Classes are defined using the dot-syntax
.. You can string together multiple classes just as you do in CSS.
This example will generate a
<div> element with the classes
<div class="content page"></div>
You can add any attribute you want by enclosing the attribute definition with box brackets
This example generates a link with the
target attribute set to
<a href="" target="_blank"></a>
$ to your abbreviation where you want the number to appear and Emmet will take care of the rest.
Here Emmet will add the current index to the classes for each of the list items.
<ul> <li class="item1"></li> <li class="item2"></li> <li class="item3"></li> <li class="item4"></li> <li class="item5"></li> </ul>
$ alone will cause elements to be numbered in ascending order. There may however be occasions when you wish to reverse this ordering. This can be done by adding the
@- syntax after the dollar sign
In this example the list item classes will be numbered in descending order.
<ul> <li class="item5"></li> <li class="item4"></li> <li class="item3"></li> <li class="item2"></li> <li class="item1"></li> </ul>
You can set the text that should be contained within an element by placing it in curly braces
This abbreviation will generate a simple
<p> element with the text
You can even use the numbering syntax we looked at earlier within the curly braces.
This abbreviation will create five list items containing text that is numbered.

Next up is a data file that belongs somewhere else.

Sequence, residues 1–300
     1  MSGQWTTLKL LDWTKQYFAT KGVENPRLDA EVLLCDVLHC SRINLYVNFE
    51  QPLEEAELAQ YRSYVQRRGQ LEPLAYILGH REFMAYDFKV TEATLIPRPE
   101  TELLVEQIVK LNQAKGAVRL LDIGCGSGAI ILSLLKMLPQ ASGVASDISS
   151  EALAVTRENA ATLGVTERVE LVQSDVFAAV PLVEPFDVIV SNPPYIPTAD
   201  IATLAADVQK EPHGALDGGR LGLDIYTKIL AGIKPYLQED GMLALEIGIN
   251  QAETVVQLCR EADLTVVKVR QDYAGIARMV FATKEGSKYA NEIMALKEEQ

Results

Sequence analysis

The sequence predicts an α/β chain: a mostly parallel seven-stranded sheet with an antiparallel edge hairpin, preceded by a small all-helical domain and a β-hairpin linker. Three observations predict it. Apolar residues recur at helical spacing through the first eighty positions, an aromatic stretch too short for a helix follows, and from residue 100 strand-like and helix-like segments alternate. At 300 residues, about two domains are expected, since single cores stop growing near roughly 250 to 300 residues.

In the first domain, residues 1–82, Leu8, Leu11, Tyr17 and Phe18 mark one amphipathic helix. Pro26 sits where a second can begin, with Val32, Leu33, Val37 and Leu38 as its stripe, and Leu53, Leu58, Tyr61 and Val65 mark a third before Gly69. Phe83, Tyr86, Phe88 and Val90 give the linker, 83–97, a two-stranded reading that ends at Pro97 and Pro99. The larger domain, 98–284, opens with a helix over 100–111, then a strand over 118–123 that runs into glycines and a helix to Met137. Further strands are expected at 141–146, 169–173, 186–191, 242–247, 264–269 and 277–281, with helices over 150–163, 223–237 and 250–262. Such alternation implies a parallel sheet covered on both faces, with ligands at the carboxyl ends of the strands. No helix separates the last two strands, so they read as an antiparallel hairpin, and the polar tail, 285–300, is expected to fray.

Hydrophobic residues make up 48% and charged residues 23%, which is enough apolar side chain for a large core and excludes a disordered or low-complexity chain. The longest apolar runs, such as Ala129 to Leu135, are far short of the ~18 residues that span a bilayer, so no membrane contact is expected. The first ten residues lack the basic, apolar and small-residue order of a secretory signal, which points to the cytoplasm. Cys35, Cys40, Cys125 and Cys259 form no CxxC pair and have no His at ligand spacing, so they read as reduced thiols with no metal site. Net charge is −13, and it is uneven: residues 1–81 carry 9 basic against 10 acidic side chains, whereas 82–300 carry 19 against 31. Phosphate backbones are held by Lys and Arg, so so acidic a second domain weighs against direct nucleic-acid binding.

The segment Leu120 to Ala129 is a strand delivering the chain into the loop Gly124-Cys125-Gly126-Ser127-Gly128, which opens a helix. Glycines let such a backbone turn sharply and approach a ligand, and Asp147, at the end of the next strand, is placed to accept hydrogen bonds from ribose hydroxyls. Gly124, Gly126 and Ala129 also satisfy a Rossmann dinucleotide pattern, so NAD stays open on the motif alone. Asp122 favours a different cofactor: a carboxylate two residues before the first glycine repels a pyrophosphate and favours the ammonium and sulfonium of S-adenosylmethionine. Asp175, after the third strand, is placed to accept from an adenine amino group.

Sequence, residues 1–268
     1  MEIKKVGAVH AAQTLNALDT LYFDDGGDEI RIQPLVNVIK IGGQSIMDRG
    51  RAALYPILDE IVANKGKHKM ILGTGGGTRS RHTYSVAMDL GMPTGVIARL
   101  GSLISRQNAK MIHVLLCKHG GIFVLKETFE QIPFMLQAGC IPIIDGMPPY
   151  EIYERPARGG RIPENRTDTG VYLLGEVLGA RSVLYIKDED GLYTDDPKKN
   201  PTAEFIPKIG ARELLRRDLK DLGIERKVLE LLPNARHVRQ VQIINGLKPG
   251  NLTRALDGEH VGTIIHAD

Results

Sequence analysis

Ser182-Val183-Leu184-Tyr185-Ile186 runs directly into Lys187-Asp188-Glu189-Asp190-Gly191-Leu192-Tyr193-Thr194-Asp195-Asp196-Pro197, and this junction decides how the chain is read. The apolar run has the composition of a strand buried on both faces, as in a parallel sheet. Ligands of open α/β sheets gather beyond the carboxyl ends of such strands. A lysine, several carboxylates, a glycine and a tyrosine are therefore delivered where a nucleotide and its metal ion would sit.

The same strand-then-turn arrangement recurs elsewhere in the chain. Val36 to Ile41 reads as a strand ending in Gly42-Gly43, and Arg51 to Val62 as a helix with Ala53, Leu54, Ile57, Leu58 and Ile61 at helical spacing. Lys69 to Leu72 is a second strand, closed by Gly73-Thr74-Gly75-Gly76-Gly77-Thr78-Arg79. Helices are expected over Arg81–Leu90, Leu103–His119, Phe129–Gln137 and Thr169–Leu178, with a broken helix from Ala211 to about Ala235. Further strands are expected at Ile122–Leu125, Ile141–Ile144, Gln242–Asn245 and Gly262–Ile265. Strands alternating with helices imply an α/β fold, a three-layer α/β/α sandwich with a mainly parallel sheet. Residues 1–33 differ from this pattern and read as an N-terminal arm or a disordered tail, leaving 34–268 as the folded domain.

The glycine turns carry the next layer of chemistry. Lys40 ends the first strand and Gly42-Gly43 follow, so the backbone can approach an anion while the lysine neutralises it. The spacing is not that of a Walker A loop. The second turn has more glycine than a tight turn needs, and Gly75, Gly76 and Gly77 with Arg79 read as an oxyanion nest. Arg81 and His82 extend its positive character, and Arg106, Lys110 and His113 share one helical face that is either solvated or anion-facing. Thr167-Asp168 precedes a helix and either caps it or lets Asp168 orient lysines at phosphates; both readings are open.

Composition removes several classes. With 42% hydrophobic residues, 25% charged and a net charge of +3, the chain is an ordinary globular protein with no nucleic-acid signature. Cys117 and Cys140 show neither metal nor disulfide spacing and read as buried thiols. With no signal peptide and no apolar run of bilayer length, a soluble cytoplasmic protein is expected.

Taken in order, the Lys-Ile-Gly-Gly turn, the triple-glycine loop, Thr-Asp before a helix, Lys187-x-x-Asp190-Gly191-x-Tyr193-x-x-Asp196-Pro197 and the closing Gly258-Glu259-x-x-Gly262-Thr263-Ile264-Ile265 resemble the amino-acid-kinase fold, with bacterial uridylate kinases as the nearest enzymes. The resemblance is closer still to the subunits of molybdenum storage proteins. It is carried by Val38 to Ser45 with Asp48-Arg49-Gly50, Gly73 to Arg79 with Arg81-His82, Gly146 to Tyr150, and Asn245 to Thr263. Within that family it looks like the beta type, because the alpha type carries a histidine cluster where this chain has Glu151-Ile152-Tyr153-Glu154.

<ul> <li><a href="">Item 1</a></li> <li><a href="">Item 2</a></li> <li><a href="">Item 3</a></li> <li><a href="">Item 4</a></li> <li><a href="">Item 5</a></li> </ul>
Another great feature in Emmet is the ability to quickly generate snippets of code using preset abbreviations.
The example above generates a simple HTML5 compliant page template.
<!doctype html> <html lang="en"> <head> <meta charset="UTF-8"> <title>Document</title> </head> <body> </body> </html>
Take a look at the documentation for more about the snippets that are available.
Using Emmet with CSS
Emmet also includes a number of abbreviations to help you generate CSS code. These abbreviations are often shorthand versions of the CSS property names. You can find a full list of the CSS abbreviations that are available by examining the Emmet
This abbreviation will generate the CSS syntax needed for the
text-shadow: hoff voff blur #000
Adding a hyphen
- before the abbreviation will trigger Emmet to generate vendor prefixes for the property.
If your text editor supports tabstops Emmet will place multiple cursors so that you can fill out values for all of the vendor-prefixed properties simultaneously.
-webkit-text-shadow: hoff voff blur #000 -moz-text-shadow: hoff voff blur #000 -ms-text-shadow: hoff voff blur #000 -o-text-shadow: hoff voff blur #000 text-shadow: hoff voff blur #000
I’ve been using Emmet for a few months now and I’ve found it really useful. Especially when I need to quickly generate a list or table.
We’ve covered a lot of the syntax in this blog post but Emmet has a whole bunch of other features that we haven’t looked at. If you’re interested in finding out more I recommend that you spend a bit of time looking through the Emmet documentation.
What are your thoughts about Emmet? Share your views in the comments below.